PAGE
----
In silico discovery of potential azole-containing mPGES-1 inhibitors by virtual screening, pharmacophore modeling and molecular dynamics simulations


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Ozalp L., KÜÇÜKGÜZEL İ. , OGAN A.

STRUCTURAL CHEMISTRY, 2022 (Journal Indexed in SCI) identifier identifier

  • Publication Type: Article / Article
  • Publication Date: 2022
  • Doi Number: 10.1007/s11224-022-01911-5
  • Title of Journal : STRUCTURAL CHEMISTRY
  • Keywords: mPGES-1, Anti-inflammatory drug, Virtual screening, Pharmacophore modeling, Molecular dynamics, DRUG DISCOVERY, DOCKING, DATABASE, INSIGHT

Abstract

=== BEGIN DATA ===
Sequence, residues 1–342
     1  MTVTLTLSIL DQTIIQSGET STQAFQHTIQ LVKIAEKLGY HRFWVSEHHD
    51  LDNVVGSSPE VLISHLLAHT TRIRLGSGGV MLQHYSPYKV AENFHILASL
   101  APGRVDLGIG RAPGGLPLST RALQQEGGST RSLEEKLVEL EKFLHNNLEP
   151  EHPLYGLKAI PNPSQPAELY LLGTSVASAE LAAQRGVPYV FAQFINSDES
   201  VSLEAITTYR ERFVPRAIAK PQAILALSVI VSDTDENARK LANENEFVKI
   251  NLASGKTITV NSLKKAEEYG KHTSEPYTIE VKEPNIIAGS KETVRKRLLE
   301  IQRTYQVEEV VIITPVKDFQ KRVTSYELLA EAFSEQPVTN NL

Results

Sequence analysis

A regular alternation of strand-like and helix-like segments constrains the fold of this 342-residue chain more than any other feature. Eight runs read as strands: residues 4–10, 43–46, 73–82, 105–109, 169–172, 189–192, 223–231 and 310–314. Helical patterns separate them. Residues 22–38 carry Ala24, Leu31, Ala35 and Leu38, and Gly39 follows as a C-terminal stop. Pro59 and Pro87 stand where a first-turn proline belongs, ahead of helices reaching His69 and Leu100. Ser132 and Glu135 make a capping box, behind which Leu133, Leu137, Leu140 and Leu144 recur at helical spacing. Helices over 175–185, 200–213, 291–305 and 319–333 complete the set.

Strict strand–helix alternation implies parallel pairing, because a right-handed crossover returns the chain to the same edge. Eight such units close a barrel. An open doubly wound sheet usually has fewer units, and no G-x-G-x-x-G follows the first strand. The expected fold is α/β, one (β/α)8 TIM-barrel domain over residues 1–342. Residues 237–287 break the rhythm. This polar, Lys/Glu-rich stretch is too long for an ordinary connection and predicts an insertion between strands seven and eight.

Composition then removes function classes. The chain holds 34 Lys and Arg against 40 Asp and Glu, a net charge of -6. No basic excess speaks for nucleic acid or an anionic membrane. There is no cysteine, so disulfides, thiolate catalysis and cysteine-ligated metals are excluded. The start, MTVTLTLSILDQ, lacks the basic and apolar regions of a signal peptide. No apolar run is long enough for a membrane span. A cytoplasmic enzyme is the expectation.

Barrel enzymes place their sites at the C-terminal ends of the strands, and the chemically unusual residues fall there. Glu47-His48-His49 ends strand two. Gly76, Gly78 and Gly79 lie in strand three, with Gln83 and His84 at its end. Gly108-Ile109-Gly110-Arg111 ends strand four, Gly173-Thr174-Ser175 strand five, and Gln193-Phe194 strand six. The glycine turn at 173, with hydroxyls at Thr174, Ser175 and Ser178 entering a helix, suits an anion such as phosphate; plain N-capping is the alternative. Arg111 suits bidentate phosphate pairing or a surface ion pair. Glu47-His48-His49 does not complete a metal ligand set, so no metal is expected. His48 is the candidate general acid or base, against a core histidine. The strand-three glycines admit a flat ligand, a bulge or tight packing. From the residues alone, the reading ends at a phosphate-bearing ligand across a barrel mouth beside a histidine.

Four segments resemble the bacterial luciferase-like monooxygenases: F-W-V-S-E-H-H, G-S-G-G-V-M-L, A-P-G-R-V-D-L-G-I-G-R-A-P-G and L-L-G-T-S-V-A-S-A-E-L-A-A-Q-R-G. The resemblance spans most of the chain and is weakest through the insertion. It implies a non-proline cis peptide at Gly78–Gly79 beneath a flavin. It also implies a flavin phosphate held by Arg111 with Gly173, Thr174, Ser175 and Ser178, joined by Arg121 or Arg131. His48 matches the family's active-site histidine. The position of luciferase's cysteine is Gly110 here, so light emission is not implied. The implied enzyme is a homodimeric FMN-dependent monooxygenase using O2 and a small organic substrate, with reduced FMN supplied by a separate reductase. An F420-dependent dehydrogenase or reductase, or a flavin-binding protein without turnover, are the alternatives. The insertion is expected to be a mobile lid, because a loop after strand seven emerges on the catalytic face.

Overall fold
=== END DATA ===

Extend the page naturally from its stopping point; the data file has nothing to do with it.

Inhibition of microsomal prostaglandin E-2 synthase-1 (mPGES-1) is promising for designing novel nonsteroidal anti-inflammatory drugs, as they lack side-effects associated with inhibition of cyclooxygenase enzymes. Azole compounds are nitrogen-containing heterocycles and have a wide use in medicine and are considered as promising compounds in medicinal chemistry. Various computer-aided drug design strategies are incorporated in this study. Structure-based virtual screening was performed employing various docking programs. Receiver operator characteristic (ROC) curves were used to evaluate the selectivity of each program. Furthermore, scoring power of Autodock4 and Autodock Vina was assessed by Pearson's correlation coefficients. Pharmacophore models were generated and Guner-Henry score of the best model was calculated as 0.89. Binding modes of the final 10 azole compounds were analyzed and further investigation of the best binding (- 8.38 kcal/mol) compound was performed using molecular dynamics simulation, revealing that furazan1224 (ZINC001142847306) occupied the binding site of the substrate, prostaglandin H-2 (PGH(2)) and remained stable for 100 ns. Continuous hydrogen bonds and hydrophobic interactions with amino acids in the active site supported the stability of furazan1224 throughout the trajectory. Pharmacokinetic profile showed that furazan1224 lacks the risks of inhibiting cytochrome P450 3A4 enzyme and central nervous system-related side-effects.